Having detected close links between the perpetrators of the attacks in Paris and their supporters operating from Brussels, the Belgian authorities have fallen into a panic reaction and have declared a state of emergency all over the capital city. With public life brought to a complete standstill, the citizens of Brussels and Paris can witness how it must feel to live in a war-like society, when a normal social life is almost impossible and the conspicuous presence of police and army all through the city dominate the image of a city. Accesses to the subway are closed, roads closed, accesses to EU institutions and public offices heavily guarded and a sensation of imminent violence that can erupt any minute – one of the targets the terrorists wanted to achieve, and it seems that they have succeeded.

A break-down of social life and the turn towards total surveillance and security presence will not only be a moral victory to terrorism, it would also impose a collective feeling of fear, helplessness and distrust in the own political and social system, which in the long-run will lead to a collapse of the democratically legitimated systems of Europe. In the end, it would inevitably lead to the end of European integration and a dramatic fall-back to national protectionism, probably even isolationism.

Some Member States already took steps in this direction, even though it is only on the matter of refugees as they now suspect any trespassing refugee as a potential terrorist – a dangerously wrong assumption that will destroy the chances for a peaceful integration.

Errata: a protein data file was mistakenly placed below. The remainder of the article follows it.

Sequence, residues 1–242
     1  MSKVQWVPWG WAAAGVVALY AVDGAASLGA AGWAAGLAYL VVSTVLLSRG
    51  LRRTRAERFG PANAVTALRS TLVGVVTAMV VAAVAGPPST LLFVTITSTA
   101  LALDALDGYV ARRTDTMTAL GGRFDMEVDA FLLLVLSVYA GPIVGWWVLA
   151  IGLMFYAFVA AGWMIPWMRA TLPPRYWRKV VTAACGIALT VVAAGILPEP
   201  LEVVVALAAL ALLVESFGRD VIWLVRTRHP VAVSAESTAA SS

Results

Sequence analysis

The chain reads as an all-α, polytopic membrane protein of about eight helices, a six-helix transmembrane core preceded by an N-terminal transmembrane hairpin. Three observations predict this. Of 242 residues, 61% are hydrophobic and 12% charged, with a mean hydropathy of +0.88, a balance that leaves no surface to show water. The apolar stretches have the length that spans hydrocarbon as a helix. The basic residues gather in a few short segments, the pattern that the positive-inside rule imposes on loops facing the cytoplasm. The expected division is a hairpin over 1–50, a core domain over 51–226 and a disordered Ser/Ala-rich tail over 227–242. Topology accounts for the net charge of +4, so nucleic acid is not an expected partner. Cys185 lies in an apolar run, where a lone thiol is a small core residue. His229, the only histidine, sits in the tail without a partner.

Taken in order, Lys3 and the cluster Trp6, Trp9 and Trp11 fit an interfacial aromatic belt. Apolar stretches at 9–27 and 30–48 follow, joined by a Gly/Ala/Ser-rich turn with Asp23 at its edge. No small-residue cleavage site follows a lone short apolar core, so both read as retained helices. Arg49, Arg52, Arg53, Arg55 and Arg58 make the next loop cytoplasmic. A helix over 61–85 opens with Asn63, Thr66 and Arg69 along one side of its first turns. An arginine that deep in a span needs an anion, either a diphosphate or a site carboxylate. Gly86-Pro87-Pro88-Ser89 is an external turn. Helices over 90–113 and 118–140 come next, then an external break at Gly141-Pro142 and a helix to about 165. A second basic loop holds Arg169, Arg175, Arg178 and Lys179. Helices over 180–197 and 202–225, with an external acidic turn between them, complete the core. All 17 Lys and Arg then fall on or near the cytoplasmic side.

A Holy Alliance for Counter-Violence in Vain

President Hollande calls for a “Holy Union” in the fight against terrorism and anticipates that there will be more attacks in Europe. Just a few days later, France intensified its air strikes against ISIS, the French Air Force has tripled its air raids on ISIS positions in the last few days. Alongside France, Russia also continues its military actions, having suffered a bomb attack against a Russian airliner a few weeks prior to the Paris attacks.

It is doubtful if it would prevent future terrorist attacks, as history has proven it many times that it is not the case. Terrorism cannot be stopped through military actions alone and whenever fundamentalists from any side find a way to launch an attack, they will carry it out. Absolute security is not possible and it is only a matter of time until the next attack occurs.

The question remains: what is the biggest threat for Europe? Is it the threat through terrorism, or the way state authorities react to the threats and the attacks by making it impossible to have a normal life. As far as it looks like, the national decision makers are currently the biggest threat to European freedom, with their over-reaction and over-panicking, driven by the mantra: security over freedom, by sacrificing its own key freedoms.